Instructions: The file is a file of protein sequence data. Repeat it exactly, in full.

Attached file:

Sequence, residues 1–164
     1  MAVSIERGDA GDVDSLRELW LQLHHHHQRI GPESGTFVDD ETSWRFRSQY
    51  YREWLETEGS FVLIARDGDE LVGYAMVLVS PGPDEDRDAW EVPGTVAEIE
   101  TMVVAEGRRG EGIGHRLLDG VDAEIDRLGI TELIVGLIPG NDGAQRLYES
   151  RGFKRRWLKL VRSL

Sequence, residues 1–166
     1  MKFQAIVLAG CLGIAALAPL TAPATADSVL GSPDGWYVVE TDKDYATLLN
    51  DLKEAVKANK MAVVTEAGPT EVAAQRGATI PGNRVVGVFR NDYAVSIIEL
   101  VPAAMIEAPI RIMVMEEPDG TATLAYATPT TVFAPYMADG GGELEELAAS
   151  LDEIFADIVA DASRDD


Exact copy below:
Sequence, residues 1–164
     1  MAVSIERGDA GDVDSLRELW LQLHHHHQRI GPESGTFVDD ETSWRFRSQY
    51  YREWLETEGS FVLIARDGDE LVGYAMVLVS PGPDEDRDAW EVPGTVAEIE
   101  TMVVAEGRRG EGIGHRLLDG VDAEIDRLGI TELIVGLIPG NDGAQRLYES
   151  RGFKRRWLKL VRSL

Sequence, residues 1–166
     1  MKFQAIVLAG CLGIAALAPL TAPATADSVL GSPDGWYVVE TDKDYATLLN
    51  DLKEAVKANK MAVVTEAGPT EVAAQRGATI PGNRVVGVFR NDYAVSIIEL
   101  VPAAMIEAPI RIMVMEEPDG TATLAYATPT TVFAPYMADG GGELEELAAS
   151  LDEIFADIVA DASRDD